Over the past few months I’ve read a number of children’s books set in medieval Europe. Here are brief notes on several of them:
This is a brief re-telling, based on Wolfram von Eschenbach, of the story of Parsifal (Parzival) and his adventures in quest of the Holy Grail. I’ve not read von Eschenbach’s version, but I did note numerous differences from Chretien de Troyes’ earlier version of the story. Paterson’s tale moves quickly, and it told clearly but a little dryly in this unillustrated edition. There is a firm moral center to the story, and a strong Christian element. Suitable for young listeners aged 6 and up, and for somewhat older young readers. 3.5 stars.
A prose re-telling of the Beowulf story. All of the essential plot points are included, and atmospheric touches are added. The writing is strong, with a pleasing directness and raw vigour. Some violence, obviously, but the virtues of loyalty and courage are stressed. The grammar would be challenging for an early reader. Age 8-12? 4.5 stars.
An interesting premise for a book: a series of loosely connected dramatic monologues intended for performance, each in the voice of a child from a medieval English village circa 1225. The monologues (plus two inventive dialogues) run about 2-4 pages each, and were originally written for the author’s own students. The language is solid, and doesn’t avoid obsolete words. There is an earthy quality to the whole. The historical accuracy is reasonable, although I do quarrel with a few of the marginal notes. (Villeins were not quite the same as slaves.) Age 10-16? 4 stars.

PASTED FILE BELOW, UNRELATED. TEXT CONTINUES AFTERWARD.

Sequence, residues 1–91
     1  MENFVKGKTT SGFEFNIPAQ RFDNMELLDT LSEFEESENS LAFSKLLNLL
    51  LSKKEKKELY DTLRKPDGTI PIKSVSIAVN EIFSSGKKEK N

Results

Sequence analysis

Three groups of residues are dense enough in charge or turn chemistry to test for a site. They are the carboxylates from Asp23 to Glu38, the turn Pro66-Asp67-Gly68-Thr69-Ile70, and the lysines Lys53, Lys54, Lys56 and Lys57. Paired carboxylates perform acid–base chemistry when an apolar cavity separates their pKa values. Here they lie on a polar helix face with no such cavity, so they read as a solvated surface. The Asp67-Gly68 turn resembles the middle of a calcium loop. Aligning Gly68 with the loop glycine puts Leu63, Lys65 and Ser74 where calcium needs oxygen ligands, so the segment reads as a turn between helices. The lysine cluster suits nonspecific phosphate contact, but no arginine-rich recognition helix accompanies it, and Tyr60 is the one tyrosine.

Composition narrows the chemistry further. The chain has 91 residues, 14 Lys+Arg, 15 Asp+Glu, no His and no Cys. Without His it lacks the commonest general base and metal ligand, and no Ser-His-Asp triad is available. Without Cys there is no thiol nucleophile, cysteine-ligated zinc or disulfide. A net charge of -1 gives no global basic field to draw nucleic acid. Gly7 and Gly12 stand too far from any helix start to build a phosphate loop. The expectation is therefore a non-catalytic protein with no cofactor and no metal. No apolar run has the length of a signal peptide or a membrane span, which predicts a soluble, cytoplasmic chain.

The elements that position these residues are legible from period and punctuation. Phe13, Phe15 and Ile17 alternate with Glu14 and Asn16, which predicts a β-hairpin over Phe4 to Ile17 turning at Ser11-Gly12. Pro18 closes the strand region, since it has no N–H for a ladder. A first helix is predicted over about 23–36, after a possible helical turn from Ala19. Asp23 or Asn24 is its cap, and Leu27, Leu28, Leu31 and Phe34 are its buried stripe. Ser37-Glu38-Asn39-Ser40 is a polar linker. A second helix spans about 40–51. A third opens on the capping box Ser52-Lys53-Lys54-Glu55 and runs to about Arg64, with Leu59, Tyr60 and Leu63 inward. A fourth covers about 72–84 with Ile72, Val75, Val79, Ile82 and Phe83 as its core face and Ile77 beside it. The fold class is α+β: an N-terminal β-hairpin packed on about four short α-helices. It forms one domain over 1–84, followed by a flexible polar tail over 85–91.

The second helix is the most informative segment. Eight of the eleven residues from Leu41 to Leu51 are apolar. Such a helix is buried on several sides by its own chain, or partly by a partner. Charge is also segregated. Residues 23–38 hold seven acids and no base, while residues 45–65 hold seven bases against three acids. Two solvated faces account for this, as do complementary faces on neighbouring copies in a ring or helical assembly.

This Newbery Medal winning book was recommended to me by a friend, and a good recommendation it was. Young Robin falls ill and becomes lame, but is befriended by a monk and taught a trade. Eventually, by a series of courageous and resourceful actions, he is able to save his friends from peril during a seige. The book paints an attractive picture of the Middle Ages. Age 8-12. 4 stars.
This is a superb adventure story set in thirteenth-century England. Adam is an 11-year old boy, the son of a distinguished minstrel, who aspires to practice the same art. Adam’s beloved dog is stolen and he sets out on a quest to retrieve him, becoming separated from his father in the process. Adam must rely on his own resourcefulness, courage, and wit — and the kindness of strangers — to find his dog and re-unite with his father. The medieval world portrayed here is one of gaiety and gallantry, and the religious character of that society is woven naturally into the story. A splendid book for boys, especially. Winner of the Newbery Medal in the year of its publication. Age 8-12? 4 stars.
I’ve just now noticed that all of these books were written by women.